Monday, April 30, 2007

Mark Strand on CBC

The CBC recently expanded its podcast lineup, and its program Writers & Company is finally available as a podcast. The program for April 1st, I have just learned, is a long and excellent interview with Mark Strand. If you're a poetry lover, you'll love this interview.

The CBC only archives its podcasts for four weeks, so if you hurry, you might be able to get it here (direct download). If not, it's available in a streaming version on this page. You can subscribe to Writers & Company in iTunes here, or simply pick up the RSS feed here. The Writers & Company home page is here.

Friday, April 27, 2007

Greek & Roman love poetry

That's the topic this week on the BBC's excellent program In Our Time. Melvyn Bragg and his guests start with Sappho and end with Ovid. A really interesting program and well worth the 40 minutes or so it will take from your busy, busy life.

You can get it here and you can thank me later.

[Update: a commenter pointed out that you can also read a summary of the program here. However, both he and I strongly recommend you listen to the podcast. I always find that doing the dishes or some other such chore is much more enjoyable when you're learning something at the same time. Thank you Paul Grieg (even if your blogger profile is maddeningly blocked, so I can't even visit your blog to thank you for the tip).]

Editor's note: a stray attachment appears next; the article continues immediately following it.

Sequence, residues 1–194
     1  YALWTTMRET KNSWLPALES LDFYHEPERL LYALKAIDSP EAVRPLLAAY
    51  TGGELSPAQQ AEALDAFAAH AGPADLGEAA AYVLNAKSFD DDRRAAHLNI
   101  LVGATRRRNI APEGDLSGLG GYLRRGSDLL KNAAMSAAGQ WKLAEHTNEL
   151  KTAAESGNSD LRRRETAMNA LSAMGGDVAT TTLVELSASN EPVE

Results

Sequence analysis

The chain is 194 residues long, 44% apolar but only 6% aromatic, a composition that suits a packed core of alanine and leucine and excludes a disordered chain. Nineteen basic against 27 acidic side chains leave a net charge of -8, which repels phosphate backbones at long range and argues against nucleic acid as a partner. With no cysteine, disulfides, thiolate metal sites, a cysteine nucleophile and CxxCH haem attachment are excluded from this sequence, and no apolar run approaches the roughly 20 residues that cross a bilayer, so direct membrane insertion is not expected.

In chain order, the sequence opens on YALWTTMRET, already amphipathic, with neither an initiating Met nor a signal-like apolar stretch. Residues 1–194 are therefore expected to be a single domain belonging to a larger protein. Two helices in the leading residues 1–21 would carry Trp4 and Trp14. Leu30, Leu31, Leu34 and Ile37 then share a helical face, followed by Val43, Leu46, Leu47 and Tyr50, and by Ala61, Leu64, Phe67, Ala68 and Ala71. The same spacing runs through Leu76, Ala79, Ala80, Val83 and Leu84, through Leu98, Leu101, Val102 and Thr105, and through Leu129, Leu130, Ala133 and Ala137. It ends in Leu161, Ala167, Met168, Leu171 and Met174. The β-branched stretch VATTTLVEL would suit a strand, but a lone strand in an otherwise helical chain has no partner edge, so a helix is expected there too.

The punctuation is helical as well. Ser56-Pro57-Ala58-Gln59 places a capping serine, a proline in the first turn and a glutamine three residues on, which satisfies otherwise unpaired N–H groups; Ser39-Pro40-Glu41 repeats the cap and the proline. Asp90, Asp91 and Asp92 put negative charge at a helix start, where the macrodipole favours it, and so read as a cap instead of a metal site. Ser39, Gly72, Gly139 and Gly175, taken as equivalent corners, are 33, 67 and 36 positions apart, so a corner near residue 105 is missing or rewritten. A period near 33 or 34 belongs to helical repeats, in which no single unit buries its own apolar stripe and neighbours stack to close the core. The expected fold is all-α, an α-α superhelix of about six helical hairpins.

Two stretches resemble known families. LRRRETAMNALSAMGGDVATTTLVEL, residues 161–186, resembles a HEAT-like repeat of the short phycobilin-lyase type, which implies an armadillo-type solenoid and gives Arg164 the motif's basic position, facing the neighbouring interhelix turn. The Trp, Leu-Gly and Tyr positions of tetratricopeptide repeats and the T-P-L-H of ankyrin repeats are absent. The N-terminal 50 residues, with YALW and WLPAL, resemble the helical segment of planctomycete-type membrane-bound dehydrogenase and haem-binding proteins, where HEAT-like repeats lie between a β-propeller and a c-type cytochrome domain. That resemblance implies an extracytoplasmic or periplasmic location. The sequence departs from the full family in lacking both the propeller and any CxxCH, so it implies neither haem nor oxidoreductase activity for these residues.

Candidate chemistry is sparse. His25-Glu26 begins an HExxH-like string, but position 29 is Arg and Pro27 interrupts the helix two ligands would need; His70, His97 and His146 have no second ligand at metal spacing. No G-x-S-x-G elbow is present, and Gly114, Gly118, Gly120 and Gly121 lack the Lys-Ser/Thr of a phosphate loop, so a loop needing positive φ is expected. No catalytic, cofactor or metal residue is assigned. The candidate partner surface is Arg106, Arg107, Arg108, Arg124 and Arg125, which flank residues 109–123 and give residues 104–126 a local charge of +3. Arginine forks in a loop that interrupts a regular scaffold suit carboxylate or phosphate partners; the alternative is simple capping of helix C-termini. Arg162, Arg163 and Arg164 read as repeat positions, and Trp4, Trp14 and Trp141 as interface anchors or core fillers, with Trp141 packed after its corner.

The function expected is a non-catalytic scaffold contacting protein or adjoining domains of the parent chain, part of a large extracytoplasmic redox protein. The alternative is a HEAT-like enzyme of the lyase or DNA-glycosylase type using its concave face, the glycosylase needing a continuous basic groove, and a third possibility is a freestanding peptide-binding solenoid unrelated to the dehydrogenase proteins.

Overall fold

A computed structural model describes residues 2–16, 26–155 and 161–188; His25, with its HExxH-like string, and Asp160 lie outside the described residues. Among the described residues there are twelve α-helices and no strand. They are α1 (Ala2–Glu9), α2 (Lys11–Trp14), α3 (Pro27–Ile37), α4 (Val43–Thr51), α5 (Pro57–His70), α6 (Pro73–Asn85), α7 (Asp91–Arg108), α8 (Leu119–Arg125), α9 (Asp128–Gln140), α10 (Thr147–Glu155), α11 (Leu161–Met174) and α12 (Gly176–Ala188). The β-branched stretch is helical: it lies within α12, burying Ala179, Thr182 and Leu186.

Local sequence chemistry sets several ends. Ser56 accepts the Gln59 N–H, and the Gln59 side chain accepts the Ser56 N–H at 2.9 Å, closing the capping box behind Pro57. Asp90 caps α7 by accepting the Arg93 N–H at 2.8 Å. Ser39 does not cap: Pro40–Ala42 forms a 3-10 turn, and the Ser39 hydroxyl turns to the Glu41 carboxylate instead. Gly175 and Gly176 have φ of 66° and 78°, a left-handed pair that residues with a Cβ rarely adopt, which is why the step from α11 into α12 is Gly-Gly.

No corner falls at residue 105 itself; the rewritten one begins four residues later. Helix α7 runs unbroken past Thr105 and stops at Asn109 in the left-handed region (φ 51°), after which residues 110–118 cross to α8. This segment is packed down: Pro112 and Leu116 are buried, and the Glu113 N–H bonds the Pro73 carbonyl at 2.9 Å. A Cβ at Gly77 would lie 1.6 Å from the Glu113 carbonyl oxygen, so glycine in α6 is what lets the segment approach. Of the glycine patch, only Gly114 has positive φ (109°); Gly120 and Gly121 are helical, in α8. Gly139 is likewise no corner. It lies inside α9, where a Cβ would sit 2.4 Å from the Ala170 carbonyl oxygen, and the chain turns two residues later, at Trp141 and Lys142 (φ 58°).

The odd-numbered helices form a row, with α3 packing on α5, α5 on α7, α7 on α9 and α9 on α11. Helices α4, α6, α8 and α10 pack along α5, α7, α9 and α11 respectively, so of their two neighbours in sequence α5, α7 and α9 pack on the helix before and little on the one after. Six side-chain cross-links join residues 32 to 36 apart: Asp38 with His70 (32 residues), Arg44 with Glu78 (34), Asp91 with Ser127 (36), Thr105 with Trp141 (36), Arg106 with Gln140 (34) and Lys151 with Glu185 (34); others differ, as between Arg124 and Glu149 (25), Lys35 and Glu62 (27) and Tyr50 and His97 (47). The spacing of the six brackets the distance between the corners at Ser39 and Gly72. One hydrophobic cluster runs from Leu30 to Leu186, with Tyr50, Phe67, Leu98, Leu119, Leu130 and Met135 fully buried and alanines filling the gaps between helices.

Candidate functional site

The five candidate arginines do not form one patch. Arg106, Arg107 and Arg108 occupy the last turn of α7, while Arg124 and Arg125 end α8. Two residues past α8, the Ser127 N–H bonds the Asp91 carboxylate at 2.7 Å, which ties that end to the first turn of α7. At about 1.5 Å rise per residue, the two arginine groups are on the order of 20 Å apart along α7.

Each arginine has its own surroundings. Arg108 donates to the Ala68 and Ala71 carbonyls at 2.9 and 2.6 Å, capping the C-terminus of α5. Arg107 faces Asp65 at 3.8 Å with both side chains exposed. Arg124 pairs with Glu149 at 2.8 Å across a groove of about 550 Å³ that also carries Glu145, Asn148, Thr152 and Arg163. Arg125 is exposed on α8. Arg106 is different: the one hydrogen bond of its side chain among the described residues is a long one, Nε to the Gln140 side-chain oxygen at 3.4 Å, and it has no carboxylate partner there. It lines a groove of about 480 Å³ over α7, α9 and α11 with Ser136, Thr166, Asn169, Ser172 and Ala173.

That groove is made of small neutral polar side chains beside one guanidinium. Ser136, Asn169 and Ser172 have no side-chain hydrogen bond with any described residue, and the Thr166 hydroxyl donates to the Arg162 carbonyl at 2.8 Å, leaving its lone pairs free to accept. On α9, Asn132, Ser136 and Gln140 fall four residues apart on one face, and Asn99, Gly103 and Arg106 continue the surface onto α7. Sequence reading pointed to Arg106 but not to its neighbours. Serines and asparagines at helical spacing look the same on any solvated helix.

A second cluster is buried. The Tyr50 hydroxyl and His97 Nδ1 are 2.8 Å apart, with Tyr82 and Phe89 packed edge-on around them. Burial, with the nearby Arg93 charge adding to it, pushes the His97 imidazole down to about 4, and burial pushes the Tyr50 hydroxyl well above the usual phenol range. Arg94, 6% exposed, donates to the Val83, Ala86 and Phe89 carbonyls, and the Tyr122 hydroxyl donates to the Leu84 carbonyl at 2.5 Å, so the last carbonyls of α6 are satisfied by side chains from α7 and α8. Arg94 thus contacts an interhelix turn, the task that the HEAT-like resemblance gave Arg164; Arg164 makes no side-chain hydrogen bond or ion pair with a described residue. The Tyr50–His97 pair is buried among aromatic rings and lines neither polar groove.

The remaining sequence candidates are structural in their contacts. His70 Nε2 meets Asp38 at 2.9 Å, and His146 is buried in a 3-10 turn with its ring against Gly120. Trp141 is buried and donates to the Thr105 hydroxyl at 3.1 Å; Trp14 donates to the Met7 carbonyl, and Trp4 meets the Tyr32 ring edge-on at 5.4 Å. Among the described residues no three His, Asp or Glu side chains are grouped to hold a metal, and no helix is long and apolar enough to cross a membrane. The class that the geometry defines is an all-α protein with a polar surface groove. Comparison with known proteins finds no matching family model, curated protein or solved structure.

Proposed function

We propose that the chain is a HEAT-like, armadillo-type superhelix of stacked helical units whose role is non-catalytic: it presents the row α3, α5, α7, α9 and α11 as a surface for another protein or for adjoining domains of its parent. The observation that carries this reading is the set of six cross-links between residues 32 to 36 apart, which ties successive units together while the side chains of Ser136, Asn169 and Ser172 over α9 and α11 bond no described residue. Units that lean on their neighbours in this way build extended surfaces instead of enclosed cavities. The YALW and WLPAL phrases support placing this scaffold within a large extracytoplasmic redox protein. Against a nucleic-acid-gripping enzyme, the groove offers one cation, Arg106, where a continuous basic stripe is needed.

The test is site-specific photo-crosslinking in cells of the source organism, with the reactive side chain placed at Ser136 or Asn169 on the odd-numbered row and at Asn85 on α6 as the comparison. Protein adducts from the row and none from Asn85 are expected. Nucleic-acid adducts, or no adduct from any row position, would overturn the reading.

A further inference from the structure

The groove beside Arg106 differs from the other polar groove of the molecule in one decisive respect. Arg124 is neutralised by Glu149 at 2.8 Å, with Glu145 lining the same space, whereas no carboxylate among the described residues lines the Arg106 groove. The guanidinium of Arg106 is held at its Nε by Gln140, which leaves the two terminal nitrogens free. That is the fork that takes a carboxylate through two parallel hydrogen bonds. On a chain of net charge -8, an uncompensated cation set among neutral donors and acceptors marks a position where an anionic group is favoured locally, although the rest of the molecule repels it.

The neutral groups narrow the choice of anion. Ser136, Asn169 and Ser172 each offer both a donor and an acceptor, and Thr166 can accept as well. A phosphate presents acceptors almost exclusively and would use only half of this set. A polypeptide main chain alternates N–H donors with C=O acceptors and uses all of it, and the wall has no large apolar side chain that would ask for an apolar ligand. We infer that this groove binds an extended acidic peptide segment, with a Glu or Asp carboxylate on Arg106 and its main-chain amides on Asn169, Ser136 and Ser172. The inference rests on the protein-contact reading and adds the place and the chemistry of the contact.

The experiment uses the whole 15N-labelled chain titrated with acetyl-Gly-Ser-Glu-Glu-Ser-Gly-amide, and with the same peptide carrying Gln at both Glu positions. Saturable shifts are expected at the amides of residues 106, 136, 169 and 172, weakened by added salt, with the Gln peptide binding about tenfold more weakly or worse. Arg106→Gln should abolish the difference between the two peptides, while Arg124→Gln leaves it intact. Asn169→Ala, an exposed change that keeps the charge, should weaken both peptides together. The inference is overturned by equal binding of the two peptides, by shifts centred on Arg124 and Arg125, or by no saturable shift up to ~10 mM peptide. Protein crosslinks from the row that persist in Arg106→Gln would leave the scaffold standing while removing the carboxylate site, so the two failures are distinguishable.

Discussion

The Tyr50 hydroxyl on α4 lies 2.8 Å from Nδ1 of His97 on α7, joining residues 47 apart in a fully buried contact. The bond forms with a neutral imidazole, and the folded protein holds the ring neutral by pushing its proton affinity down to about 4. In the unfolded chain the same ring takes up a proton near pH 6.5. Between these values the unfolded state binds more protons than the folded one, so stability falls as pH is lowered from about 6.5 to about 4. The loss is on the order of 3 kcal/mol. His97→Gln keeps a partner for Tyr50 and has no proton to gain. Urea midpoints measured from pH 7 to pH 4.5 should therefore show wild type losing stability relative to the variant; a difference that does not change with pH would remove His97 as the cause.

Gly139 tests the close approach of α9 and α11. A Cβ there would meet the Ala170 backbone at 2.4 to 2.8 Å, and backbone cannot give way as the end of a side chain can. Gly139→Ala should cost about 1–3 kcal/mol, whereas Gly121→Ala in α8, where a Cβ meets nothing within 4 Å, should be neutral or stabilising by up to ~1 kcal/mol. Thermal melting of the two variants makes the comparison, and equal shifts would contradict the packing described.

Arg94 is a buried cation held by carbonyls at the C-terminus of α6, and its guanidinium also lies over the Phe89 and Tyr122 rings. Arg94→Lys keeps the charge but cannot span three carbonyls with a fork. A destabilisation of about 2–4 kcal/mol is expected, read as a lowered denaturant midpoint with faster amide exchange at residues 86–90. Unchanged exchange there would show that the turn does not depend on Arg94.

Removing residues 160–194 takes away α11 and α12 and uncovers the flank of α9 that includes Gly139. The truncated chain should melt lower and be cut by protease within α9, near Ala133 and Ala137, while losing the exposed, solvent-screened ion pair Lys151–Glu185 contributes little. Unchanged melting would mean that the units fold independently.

Saturday, April 14, 2007

White day in spring, song sparrow
alights in a naked maple,
the first hopeful bird
in the yard.

No mystery, this telepathy,
buzzy trills and tremolos
come to mind,
byproducts of a vital message

The sensible hen is somewhere
south where April snow
knows to fall
as rain.

Monday, April 09, 2007

Joshua goes to D.C.

The Washington Post Magazine ran a really excellent article this weekend. The premise of the article was an incognito performance by violinist Joshua Bell in the Washington D.C. Metro. Read the article to find out how discerning Washington commuters are.

From the article:

There was no ethnic or demographic pattern to distinguish the people who stayed to watch Bell, or the ones who gave money, from that vast majority who hurried on past, unheeding. Whites, blacks and Asians, young and old, men and women, were represented in all three groups. But the behavior of one demographic remained absolutely consistent. Every single time a child walked past, he or she tried to stop and watch. And every single time, a parent scooted the kid away.

My favourite quote by Bell, referring to the $32 he made in just under 45 minutes: "That's 40 bucks an hour. I could make an okay living doing this, and I wouldn't have to pay an agent."

He was joking, of course. I'm bet the insurance premiums on that violin are more than many people make in a year.